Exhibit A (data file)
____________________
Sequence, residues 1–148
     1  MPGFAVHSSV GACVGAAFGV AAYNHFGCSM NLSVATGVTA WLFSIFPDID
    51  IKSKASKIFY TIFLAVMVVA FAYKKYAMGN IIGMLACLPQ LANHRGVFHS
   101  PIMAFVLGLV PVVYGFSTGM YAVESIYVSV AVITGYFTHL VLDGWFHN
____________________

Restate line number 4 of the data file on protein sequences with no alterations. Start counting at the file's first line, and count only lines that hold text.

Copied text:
   101  PIMAFVLGLV PVVYGFSTGM YAVESIYVSV AVITGYFTHL VLDGWFHN